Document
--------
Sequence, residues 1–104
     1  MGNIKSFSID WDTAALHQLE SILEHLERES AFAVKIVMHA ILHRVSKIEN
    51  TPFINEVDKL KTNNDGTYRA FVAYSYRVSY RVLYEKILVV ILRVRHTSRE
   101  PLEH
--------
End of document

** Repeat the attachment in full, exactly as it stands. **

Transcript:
Sequence, residues 1–104
     1  MGNIKSFSID WDTAALHQLE SILEHLERES AFAVKIVMHA ILHRVSKIEN
    51  TPFINEVDKL KTNNDGTYRA FVAYSYRVSY RVLYEKILVV ILRVRHTSRE
   101  PLEH